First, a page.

May 4, 2010 at 8:57 pm #99926
May 4, 2010 at 10:01 pm #99946
Without any doubt security is an onus on every Federal employee, as well a citizens. Prevention takes lesser money than than the cure.
May 5, 2010 at 11:55 am #99944
As always been an issue, at least since computing power was widely distributed, probably always be an issue.
Those organization/agencies that understand this are willing to continuously invest the resources to provide more than lip service to keep the awareness at a high enough level to protect its ALL of the resources ALL the time.
Suspect that a PR campaign will do little more than to get various organizations/agencies who don’t really understand the importance of this issue to provide some level of lip service to the issue and wait for the next cyber attack/PR campaign
May 11, 2010 at 12:42 pm #99942
Christa M. MillerParticipant
What a PR campaign should do is highlight a sustained, ongoing effort to educate and inform. How many times can you hear a McGruff message before you start to tune him out?
May 11, 2010 at 12:46 pm #99940
Maria S. WieandParticipant
I agree, with our busy schedules we will tune it out. But we need to come up with a better way to protect our government systems.
May 11, 2010 at 12:50 pm #99938
The DHS is already working on this idea. They had a DHS Cybersecurity Challenge to solicit ideas on how to raise awareness throughout our country – both private and public sector. I am quite certain they had many submissions, my company submitted one that I think was pretty great.
Here’s the link to their page: http://www.dhs.gov/files/cyber-awareness-campaign.shtm
May 11, 2010 at 1:33 pm #99936
I like the idea but also worry would be criticized by all side by the “government conspiracy” folks…Internal training for federal employees could be improved – make it less a boring requirement and actually practical and useful.
May 12, 2010 at 7:48 pm #99934
Here is an excerpt from an intriguing comment posted at FCW.com:
The truth is that we don’t have sufficient security expertise and security experts to provide a secure, on-line environment for the entire world – the technology (and the hacker) is moving too fast for that. We would be better-off to reconsider (1) if everything that is online has to be online, and (2) if everything that has to be on line needs to be on a public network – a judicious decision here would at least reduce the vulnerability to our most precious assets.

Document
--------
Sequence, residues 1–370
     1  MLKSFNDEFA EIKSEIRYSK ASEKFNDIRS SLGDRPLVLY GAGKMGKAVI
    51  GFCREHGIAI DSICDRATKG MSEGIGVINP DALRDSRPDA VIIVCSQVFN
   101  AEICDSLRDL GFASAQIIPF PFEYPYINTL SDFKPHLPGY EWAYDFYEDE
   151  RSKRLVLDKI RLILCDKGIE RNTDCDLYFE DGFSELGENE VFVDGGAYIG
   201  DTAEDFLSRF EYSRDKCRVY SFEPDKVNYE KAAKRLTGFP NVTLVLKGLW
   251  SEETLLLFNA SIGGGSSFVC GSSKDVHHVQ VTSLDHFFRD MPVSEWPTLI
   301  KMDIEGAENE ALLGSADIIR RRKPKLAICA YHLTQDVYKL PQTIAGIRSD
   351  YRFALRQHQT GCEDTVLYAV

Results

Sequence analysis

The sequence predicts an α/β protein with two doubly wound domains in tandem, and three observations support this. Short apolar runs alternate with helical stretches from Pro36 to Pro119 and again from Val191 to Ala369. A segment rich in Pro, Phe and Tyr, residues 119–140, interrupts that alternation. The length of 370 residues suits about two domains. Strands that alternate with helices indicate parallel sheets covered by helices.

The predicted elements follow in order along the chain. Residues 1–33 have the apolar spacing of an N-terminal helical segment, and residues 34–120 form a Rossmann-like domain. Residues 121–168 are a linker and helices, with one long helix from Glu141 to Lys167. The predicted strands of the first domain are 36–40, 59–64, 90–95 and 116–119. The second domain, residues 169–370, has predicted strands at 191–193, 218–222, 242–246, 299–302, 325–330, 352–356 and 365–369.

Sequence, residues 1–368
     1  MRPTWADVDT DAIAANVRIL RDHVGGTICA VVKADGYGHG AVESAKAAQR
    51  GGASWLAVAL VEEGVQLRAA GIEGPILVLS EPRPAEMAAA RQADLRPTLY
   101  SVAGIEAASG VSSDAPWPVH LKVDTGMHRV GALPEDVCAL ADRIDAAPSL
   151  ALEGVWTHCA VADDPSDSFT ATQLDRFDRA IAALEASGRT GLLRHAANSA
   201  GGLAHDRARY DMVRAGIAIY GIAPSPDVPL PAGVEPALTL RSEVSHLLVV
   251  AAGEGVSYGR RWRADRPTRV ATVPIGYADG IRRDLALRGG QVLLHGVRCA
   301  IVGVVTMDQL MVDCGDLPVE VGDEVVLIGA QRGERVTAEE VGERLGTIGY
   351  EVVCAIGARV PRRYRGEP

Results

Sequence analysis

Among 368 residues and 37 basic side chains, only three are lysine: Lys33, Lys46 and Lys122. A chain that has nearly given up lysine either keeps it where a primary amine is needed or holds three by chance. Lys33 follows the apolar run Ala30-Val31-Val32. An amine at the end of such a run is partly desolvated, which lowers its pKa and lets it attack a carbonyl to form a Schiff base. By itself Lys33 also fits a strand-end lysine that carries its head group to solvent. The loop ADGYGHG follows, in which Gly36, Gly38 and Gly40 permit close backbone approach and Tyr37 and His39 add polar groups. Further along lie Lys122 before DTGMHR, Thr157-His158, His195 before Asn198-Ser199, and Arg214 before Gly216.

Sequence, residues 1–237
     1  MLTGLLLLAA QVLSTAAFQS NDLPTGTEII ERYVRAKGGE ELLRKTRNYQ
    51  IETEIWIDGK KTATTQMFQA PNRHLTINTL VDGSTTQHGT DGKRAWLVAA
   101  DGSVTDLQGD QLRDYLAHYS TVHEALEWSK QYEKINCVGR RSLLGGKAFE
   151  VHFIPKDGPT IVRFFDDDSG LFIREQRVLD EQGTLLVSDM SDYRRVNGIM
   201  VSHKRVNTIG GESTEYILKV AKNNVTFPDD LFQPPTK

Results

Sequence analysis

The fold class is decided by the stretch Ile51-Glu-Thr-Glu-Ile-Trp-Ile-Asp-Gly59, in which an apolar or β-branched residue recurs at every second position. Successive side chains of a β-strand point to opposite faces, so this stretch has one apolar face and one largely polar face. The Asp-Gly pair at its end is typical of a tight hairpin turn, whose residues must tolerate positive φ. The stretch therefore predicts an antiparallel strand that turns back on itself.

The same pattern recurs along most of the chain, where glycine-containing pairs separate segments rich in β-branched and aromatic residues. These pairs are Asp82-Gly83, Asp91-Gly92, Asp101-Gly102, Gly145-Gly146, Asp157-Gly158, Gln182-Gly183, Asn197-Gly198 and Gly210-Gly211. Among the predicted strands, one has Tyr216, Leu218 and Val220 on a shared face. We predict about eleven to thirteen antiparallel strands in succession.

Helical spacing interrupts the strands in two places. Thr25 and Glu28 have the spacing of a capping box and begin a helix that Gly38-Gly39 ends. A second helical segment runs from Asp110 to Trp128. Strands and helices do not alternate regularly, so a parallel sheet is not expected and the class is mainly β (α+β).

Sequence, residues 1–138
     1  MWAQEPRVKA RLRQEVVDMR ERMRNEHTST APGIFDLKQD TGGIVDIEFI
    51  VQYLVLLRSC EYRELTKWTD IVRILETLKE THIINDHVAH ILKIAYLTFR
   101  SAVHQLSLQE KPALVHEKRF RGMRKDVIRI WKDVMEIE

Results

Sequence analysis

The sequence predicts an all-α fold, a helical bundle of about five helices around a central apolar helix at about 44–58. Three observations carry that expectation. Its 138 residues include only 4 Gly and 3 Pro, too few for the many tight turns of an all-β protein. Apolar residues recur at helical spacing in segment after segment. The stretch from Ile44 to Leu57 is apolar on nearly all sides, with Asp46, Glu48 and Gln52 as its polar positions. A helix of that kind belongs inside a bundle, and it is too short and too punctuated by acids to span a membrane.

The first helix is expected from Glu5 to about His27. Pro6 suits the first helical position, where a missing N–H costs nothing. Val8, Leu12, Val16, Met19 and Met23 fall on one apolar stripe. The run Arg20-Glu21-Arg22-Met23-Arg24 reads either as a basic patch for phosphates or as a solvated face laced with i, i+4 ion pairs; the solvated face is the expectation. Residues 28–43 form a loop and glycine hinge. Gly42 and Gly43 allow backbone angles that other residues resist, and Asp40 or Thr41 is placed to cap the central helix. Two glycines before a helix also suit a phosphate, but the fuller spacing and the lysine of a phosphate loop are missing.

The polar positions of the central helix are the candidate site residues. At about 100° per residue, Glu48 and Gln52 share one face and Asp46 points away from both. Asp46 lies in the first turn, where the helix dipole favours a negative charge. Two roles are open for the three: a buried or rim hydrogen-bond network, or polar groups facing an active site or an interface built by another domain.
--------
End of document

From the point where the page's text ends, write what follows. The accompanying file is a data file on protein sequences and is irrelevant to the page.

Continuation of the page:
May 12, 2010 at 7:50 pm #99932
Another provocative comment from FCW.com:
In DoD, everyone already gets annual training. They ignore it. Since they never discipline anyone for allowing breaches, fear does not work as a motivator. The response has been to lock down hardware and perimeter controls so tightly as to impede mission capability. DoD, and the rest of FedGov, needs their own trusted internet for mission work, and make people walk over to a machine in the corner to interact with the outside world.
May 20, 2010 at 3:57 pm #99930
FCW has posted an article from Robert Dix in response to this FCW Challenge debate.
Dix, as you might know, is a former staff director for the House Government Reform Committee’s Technology, Information Policy, Intergovernmental Relations and the Census Subcommittee. He is now a vice president of government affairs at Juniper.
Here is an excerpt of his article:
“It’s been estimated that as many as 80 percent of exploitable vulnerabilities would be mitigated with basic cybersecurity hygiene, such as patching, anti-virus updates, password management, and so on. These simple tasks do not require huge investments or large information technology staffs — but they do require greater awareness and education.
“During last May’s historic speech on cybersecurity, President Barack Obama called for a national public awareness and education campaign as one of 10 short-term action items. Who will lead that effort? Who will be the public face that raises awareness for home users, small business, non-profits, and computer users of all ages to improve their cyber hygiene and raise the bar of protection for all of us?”
You can read the full article at FCW.com.
August 23, 2010 at 5:36 pm #99928
The 2010 Cyber Security Awareness Month is Quickly approaching, and I have seen very little on the web on the topic. The DHS page hasn’t been updated, White House hasn’t been updated, etc.
The only information that I can find is on the Staysafeonline.org and that information seems to be the same as the 2009 materials, except that the year has been updated to 2010
In the midst of concerns about education and outreach to everyone regarding risks and good practices, I thought that NCSAM would receive more attention than it has so far. October is approaching, and I am looking for a fresh approach.
Does anyone know of NEW resources for ideas, activities, topics, etc that work well for a Federal Agency program?
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